Among the tech cognoscenti, this is a typical symptom of Spec Obsession Disorder (SOD). You see it all the time.

Back in the day, PC makers used to market their computers by promoting the megahertz rating of the chip inside. Remember that? “Powered by a 2.4-gigaherz Pentium 4,” as though that’s all you needed to know about the computer’s power. The clock speed of a chip was only one tiny factor of many that determined the PC’s speed—and not even the most important factor. The amount of memory, the hard drive speed and size, the bus speed—all of these things determined a PC’s power.

The joke was on Intel, though. Eventually, the company couldn’t make its clock speeds any faster — so it stopped featuring that statistic. It developed other ways to make its processors faster, ways that couldn’t be handily represented by a single number. So nowadays, nobody says, “I’m upgrading to a 3-gigahertz PC.”
Similarly, for years, we were taught to believe that what determined a camera’s quality was its megapixel count — which, I’m happy to report, has been duly debunked. Nowadays, the megapixel count isn’t featured nearly as much, and the smart camera makers (Canon is one) have actually reversed themselves. They’re making cameras with fewer, but better, pixels.

But Spec Obsession Disorder lives on. We still make a fuss about 720p versus 1080p hi-def video, for example. Don’t tell anyone, but I’m not entirely sure that most people could tell the difference at normal viewing distance.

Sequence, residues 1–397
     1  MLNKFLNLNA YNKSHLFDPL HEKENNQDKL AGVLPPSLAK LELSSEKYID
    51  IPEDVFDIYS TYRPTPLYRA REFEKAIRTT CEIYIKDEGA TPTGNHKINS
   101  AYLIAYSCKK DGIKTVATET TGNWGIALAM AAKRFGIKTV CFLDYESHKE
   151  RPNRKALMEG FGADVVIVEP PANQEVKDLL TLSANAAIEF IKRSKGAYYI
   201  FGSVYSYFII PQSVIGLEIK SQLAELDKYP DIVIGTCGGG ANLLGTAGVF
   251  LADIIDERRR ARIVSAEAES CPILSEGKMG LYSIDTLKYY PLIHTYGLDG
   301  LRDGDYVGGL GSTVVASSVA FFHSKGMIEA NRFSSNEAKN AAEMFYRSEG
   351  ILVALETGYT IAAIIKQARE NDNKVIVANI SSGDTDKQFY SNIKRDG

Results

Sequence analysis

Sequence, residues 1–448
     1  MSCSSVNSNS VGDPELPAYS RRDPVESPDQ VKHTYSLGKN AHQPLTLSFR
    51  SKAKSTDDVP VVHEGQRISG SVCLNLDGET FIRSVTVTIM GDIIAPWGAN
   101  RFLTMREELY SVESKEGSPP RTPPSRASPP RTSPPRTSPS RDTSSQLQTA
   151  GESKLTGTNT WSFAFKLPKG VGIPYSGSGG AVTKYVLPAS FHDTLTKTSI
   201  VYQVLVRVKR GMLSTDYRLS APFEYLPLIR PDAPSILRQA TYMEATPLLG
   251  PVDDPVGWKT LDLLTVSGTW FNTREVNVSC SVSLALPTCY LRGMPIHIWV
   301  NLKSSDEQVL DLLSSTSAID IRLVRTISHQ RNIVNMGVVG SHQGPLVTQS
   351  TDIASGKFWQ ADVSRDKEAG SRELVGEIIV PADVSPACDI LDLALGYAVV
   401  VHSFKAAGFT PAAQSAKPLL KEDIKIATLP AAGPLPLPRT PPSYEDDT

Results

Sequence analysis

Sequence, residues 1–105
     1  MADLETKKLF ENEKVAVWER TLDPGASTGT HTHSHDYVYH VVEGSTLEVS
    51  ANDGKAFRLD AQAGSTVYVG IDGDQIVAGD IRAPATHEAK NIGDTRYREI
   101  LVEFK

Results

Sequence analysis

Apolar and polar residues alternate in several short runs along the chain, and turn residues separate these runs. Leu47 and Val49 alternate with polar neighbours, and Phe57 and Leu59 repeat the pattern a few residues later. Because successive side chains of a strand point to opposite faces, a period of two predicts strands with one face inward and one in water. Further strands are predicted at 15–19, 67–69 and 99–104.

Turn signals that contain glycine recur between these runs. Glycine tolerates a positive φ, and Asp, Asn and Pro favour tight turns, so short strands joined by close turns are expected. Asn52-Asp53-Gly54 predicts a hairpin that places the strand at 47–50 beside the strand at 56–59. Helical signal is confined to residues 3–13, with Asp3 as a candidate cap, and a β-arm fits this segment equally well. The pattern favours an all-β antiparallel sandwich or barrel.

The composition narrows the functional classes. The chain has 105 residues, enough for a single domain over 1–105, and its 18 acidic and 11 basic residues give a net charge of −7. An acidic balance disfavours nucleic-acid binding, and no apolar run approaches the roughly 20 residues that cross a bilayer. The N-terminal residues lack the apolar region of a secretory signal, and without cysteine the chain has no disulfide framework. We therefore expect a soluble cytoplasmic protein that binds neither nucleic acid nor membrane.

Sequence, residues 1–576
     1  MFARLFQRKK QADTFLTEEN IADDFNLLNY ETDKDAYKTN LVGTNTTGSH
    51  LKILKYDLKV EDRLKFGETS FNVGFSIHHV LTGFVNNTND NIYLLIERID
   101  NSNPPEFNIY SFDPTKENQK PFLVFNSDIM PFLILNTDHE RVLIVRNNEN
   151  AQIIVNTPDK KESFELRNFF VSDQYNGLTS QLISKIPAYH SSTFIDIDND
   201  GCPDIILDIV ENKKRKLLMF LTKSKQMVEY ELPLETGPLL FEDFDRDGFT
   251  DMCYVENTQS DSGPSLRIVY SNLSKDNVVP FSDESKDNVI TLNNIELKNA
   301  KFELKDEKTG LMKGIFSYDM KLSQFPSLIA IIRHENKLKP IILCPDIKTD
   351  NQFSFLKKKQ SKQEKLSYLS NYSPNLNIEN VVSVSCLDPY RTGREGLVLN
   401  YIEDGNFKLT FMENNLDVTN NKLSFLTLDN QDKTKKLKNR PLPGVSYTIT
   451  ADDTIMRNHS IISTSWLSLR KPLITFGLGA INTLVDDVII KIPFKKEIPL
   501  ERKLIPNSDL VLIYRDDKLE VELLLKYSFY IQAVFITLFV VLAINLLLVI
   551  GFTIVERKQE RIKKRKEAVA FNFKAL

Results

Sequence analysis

O.K., maybe, if they had two side-by-side TV sets, both playing Blu-ray discs. But most people don’t have that. They see a brilliantly crisp picture, and they’re fine with it. (Besides, the source also matters. Standard-def TV doesn’t have enough resolution to fill even a 720p picture, let alone a 1080p one.)
And don’t get me started about contrast ratios. Do you really think the average person could see the difference between a contrast ratio of 500,000:1 and a million to 1?

Spec obsessions also crack me up because, frankly, you’re judging something based on the report of what’s inside. When you bought a PC, did you extract its processor to measure its 3 gigahertz yourself? Do you count the pixels on your hi-def TV or your camera?

No, of course not; you’re just taking the manufacturer’s word for it. And as we all know, that can get you into trouble.

I’ll keep reporting the most important specs in my reviews, because techies care about such things. But to me, the questions should not be, “How much memory is in this tablet? How many nits of brightness does that phone’s screen put out? What graphics processor is in that laptop? How much milliamp-hours does that phone’s battery pack?”

Instead, the questions should be, “How fast is it? How good does it look? Can you read it in sunlight? Does the battery last? How long does the battery last?”

And even those are secondary questions. The bigger ones are, “Is it a good value? Is the design excellent? Should you buy it?”

And on the Lumia 900, the answers to those questions are “yes,” “yes,” and “maybe.”